Jerome Cornfield, 67, professor of statistics and director of the Biostatistics Center at George Washington University since 1972, died of cancer Monday at George Washington University Hospital.

He was an authority in the application of statistical and mathematical methods in dealing with questions in the fields of both economics and health.

Mr. Cornfield came to Washington in 1935 and joined the Labor Department's Bureau of Labor Statistics. During his 13 years with the bureau he did work in the improvement of probability sampling and in statistical analysis, and helped revise the Consumer Price Index during the late 1940s.

He was named assistant chief of the Biometrics Section of the National Cancer Institute in 1948. He became assistant chief of the Biometrics Research Branch of the National Health Institute in 1960, and then chief three years later, a post he held until retiring from the government in 1967.

While working with the National Heart Institute and the National Cancer Institute, both of which are components of the National Institutes of Health, Mr. Cornfield worked on data analysis procedures that would lead to a statistical method for estimating the risk of disease when several factors are involved.

An example of this would be a study he helped direct in the mid-1960s on heart disease, which led to a mathematical formula giving the odds on having a heart attack. Among the variables that must be considered, according to the study, are smoking, weight, serum cholesterol, age, and blood pressure.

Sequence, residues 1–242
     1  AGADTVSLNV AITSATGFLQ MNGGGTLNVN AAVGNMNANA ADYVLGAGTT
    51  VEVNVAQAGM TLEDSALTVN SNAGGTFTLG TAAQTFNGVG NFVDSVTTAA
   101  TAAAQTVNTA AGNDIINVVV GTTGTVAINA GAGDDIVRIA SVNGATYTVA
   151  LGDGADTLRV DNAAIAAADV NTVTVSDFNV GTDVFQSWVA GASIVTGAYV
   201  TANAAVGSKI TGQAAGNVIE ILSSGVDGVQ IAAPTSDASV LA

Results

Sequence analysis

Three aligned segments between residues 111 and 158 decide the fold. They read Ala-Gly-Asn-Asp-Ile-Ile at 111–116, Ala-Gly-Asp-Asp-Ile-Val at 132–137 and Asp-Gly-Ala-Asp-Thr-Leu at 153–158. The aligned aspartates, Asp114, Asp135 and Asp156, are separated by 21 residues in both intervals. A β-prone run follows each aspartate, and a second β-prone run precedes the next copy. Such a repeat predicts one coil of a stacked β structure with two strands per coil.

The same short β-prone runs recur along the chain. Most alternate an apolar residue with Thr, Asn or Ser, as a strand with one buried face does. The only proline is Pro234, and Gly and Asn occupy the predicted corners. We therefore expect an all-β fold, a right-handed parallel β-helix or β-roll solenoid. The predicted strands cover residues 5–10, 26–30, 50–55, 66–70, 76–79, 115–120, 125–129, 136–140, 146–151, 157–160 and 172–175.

Mr. Cornfield also worked on studies of epidemics, trials of the Salk polio vaccine, and drug safety. He was a consultant to the Sloan Kettering Cancer Institute, the Food and Drug Administration, and the Veterans Administration.

He was president of the American Statistical Association in 1974, the American Epidemiologic Society in 1972, and the Eastern North American Region of the International Biometrics Society. He served as vice president of the American Heart Association in 1970.

Mr. Cornfield received the Department of Health Education and Welfare's Superior Service Award in 1967 and the NIH's Director's Award in 1978, and has been named Outstanding Statistician of the year by the Chicago chapter of the American Statistical Association in 1975.

He was a native of New York City and a 1933 graduate of New York University. He also attended the Department of Agriculture's Graduate School.

After retiring from the government, he taught at the University of Pittsburgh before joining the faculty at George Washington University.

He is survived by his wife, Ruth, of the home in Great Falls, Va.; two daughters, Ann Kaplan, of Boulder, Colo., and Ellen Cornfield of New York City; a sister, Selma Ganz, of Boston, Mass., and one grandchild.

The family suggests that expressions of sympathy be in the form of contributions to the Jerome Cornfield Memorial Fund at George Washington University. Funds will be used for the benefit of graduate students in statistics.